Summary

Patients with cell-mediated immunodeficiency experience recurrent infections with a broad range of pathogens, and an accompanying humoral immunodeficiency is not uncommon. A persistently low lymphocyte differential on a full blood count may provide a clue and should prompt further testing with quantification of lymphocyte subsets. Measurement of total immunoglobulins is a first-line screening investigation in suspected humoral immunodeficiency. Further investigations, which provide an in vitro or in vivo functional assessment, are highly specialised assays which are difficult to perform and interpret. Consultation with a specialist immunologist and the diagnostic laboratory is recommended.

Introduction

Defence against potentially harmful pathogens is achieved by physical barriers such as skin and mucous membranes, and the coordinated efforts of the innate and adaptive immune systems. Innate immune responses are carried out by macrophages, neutrophils and natural killer cells, together with cytokines, complement and acute phase reactants such as C-reactive protein. Adaptive immunity relies upon B and T lymphocytes which express antigen-specific surface receptors. It can be divided into humoral (antibody-mediated and dependent upon B lymphocytes) and cellular (coordinated by T lymphocytes) immunity. While this distinction is oversimplified and somewhat inaccurate in that both types of responses are dependent upon helper T lymphocytes, it provides a useful model for classifying and evaluating suspected immunodeficiency.

Immunodeficiency

This occurs when failure of any part of the immune system leads to an increased predisposition to infection and associated sequelae such as autoimmunity and malignancy. Primary immunodeficiency results from genetic mutations of components intrinsic to the immune system. Clinical diagnosis should be accompanied by molecular identification of a genetic mutation wherever possible to confirm the diagnosis, identify genotype-phenotype correlation, assist with genetic counselling and identify suitable candidates for gene-specific therapy. Secondary immunodeficiency results from defective immune function as a consequence of another condition such as HIV infection. Drugs such as corticosteroids, azathioprine, methotrexate or cyclosporin can also cause secondary immunodeficiency. Subtle impairment of immune function can also accompany certain chronic medical conditions including diabetes and chronic renal failure.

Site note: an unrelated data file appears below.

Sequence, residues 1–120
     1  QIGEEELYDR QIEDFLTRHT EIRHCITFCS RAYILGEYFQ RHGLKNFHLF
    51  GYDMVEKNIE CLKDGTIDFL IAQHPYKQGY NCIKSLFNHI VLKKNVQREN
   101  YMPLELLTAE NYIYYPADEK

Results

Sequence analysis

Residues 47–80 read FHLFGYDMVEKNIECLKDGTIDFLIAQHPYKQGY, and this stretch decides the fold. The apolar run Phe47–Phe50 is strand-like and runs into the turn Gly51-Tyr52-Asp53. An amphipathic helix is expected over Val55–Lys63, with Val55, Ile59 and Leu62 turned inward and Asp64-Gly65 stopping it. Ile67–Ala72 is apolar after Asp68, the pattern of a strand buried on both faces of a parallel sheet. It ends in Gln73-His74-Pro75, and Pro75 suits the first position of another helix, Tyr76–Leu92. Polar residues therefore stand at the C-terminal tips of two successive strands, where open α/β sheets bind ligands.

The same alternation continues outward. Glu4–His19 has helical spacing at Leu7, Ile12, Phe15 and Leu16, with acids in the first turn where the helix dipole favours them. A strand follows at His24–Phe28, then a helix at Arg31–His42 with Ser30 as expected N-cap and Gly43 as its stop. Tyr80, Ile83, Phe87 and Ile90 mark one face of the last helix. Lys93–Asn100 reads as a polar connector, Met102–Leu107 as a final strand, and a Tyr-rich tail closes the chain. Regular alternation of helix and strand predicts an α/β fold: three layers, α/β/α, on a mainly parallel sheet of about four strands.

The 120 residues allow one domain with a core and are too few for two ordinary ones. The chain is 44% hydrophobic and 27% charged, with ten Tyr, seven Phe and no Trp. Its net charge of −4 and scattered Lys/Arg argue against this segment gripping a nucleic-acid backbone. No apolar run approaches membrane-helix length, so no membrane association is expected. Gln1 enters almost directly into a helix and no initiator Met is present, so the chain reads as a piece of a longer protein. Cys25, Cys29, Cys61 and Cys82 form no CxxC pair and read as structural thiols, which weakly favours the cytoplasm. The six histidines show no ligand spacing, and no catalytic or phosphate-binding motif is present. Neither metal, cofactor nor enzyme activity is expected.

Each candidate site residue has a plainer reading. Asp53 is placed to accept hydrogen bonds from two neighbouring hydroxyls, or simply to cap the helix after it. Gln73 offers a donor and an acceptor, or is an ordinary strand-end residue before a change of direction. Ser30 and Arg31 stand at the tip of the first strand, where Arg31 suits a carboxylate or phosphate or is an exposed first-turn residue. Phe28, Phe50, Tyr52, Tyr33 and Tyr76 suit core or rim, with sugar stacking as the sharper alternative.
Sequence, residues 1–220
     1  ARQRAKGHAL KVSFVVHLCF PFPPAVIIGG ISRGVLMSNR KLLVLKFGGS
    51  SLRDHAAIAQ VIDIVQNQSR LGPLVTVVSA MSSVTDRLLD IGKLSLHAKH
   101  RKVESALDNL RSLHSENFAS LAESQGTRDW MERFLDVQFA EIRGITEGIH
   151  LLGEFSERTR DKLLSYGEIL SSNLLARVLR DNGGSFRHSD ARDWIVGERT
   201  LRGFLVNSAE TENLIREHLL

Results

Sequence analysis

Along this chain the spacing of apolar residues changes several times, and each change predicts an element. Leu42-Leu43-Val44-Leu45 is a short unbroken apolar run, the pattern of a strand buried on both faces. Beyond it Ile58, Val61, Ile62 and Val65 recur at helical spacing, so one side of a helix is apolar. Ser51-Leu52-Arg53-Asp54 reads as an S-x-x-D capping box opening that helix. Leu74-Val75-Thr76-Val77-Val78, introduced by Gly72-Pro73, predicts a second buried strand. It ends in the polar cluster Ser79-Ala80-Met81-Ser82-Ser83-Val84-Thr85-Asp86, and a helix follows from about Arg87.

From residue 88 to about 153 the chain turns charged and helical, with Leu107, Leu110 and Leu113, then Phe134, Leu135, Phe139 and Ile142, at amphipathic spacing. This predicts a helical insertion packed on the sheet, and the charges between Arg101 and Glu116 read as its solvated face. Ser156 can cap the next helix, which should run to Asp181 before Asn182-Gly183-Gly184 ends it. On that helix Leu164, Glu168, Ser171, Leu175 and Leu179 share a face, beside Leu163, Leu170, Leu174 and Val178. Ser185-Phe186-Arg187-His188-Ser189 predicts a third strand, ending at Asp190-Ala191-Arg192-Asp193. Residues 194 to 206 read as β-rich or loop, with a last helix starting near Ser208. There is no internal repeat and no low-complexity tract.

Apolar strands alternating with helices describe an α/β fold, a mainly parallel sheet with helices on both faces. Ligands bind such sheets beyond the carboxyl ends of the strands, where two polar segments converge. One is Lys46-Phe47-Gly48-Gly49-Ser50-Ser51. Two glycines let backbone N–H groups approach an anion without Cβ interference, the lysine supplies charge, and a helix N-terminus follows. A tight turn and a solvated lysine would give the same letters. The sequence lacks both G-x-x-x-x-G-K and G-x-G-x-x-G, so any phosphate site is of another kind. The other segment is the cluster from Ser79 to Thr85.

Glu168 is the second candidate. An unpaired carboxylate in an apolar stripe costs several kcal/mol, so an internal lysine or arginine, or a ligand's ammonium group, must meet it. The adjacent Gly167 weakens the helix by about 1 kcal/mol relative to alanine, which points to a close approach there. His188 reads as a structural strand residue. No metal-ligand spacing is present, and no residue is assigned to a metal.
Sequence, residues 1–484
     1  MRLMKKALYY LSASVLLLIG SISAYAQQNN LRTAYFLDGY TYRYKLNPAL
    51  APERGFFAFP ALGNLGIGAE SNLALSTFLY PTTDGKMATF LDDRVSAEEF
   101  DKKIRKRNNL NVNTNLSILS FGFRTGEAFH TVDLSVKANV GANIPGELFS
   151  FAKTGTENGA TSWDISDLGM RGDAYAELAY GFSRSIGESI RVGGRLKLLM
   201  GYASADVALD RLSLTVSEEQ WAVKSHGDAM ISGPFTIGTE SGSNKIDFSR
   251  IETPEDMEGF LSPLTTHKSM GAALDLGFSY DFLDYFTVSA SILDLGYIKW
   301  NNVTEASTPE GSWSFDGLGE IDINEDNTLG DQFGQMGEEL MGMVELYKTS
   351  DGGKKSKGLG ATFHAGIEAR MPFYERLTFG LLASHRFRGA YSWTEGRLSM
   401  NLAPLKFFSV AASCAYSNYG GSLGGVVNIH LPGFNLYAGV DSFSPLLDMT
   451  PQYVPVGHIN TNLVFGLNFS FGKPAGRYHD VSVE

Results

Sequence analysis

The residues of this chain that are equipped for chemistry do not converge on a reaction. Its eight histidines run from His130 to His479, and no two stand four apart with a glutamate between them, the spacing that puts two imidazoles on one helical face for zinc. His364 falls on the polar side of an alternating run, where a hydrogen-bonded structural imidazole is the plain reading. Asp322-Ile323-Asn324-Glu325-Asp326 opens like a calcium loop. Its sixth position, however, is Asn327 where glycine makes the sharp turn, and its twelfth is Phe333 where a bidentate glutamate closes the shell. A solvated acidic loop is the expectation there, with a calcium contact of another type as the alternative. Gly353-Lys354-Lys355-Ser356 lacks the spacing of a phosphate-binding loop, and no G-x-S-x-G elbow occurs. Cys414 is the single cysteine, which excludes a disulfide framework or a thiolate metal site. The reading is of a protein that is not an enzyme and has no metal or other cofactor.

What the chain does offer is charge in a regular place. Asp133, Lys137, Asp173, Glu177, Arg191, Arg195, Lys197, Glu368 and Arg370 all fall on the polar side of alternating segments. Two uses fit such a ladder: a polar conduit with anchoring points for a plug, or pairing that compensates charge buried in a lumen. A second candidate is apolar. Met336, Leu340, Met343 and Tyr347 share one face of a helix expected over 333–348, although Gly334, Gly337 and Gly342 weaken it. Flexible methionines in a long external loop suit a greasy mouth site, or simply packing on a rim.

Immunodeficiency can be classified functionally into humoral or cell-mediated arms, as dysfunction of either pathway is characterised by specific clinical presentations (Table 1). Possible investigations for suspected immunodeficiency are presented in Table 2. These tests should be performed when the patient is clinically well, and not during an acute infective illness.

Table 1 Characteristic clinical presentations of immunodeficiency
Type of immunodeficiency
Clinical presentation
Humoral immunodeficiency
Hypogammaglobulinaemia
Recurrent sinopulmonary infection:
- Streptococcus pneumoniae
- Haemophilus influenzae
- Neisseria species
Other bacterial infections such as gastrointestinal, central nervous system, joint